WASHINGTON -- Each year around this time, millions of would-be immigrants to the United States from around the world hold their breath. Early May is when the U.S. State Department releases its shortlist of applicants to the annual green-card lottery. About half of them -- 55,000 people -- will receive permanent-residence visas, the tickets to eventual citizenship.
Starting just over two decades ago, tens of thousands of citizens started leaving Mongolia amid a wrenching economic transition from a planned-economy to a free market. Now, with the Mongolian economy poised to boom, many émigrés are wrestling with a dilemma – whether or not to abandon the new country for the old?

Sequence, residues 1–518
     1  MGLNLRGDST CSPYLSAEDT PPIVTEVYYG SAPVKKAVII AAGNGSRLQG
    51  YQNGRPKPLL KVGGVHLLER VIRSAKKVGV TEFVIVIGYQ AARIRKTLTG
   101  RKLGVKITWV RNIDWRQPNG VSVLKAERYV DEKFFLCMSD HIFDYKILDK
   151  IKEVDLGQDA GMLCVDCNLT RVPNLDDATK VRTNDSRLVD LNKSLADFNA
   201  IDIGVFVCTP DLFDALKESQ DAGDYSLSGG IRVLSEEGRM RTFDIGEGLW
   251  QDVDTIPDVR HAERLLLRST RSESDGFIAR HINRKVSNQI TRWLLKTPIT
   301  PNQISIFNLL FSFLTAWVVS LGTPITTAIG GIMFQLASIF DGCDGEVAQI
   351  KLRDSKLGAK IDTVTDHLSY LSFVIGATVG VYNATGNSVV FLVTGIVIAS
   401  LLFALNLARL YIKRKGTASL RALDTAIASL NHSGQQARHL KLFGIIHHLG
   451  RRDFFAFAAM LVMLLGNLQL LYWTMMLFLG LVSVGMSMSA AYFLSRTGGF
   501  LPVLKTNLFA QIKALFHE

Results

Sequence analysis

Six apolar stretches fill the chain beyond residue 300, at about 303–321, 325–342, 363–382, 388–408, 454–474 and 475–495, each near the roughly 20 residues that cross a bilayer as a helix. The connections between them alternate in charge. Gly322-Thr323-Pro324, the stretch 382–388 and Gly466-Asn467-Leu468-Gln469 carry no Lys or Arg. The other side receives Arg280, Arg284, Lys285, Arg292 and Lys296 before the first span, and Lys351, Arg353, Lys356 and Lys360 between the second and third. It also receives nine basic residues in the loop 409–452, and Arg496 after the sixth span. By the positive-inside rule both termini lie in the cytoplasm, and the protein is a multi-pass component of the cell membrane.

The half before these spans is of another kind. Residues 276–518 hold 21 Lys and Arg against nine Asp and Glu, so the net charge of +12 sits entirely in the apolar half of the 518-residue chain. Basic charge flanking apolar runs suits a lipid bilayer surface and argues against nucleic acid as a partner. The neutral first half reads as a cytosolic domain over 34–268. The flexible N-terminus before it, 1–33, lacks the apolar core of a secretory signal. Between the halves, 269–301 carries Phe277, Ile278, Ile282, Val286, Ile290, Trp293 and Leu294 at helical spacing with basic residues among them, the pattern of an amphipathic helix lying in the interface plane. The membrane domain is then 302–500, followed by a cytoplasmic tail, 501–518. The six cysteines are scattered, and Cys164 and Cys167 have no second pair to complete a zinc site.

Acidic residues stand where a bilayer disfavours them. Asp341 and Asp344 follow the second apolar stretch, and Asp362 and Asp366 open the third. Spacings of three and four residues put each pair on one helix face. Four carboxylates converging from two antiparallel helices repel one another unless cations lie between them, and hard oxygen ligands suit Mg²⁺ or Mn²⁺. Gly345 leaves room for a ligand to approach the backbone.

During the summer, Rakhmat Kobilov rises at 4 am, eats breakfast, and drives 45 miles to the farm where he cultivates cucumbers, watermelon, and a fragrant variety of cantaloupe indigenous to Uzbekistan’s Fergana Valley.
When 21-year-old Myrza and his new bride received visas to travel to the United States in 2008, his relatives beamed. Myrza had just finished his junior year at the Kyrgyz National Law Academy, and he and his wife, Aiperi, had secured spots in a coveted State Department-sponsored program.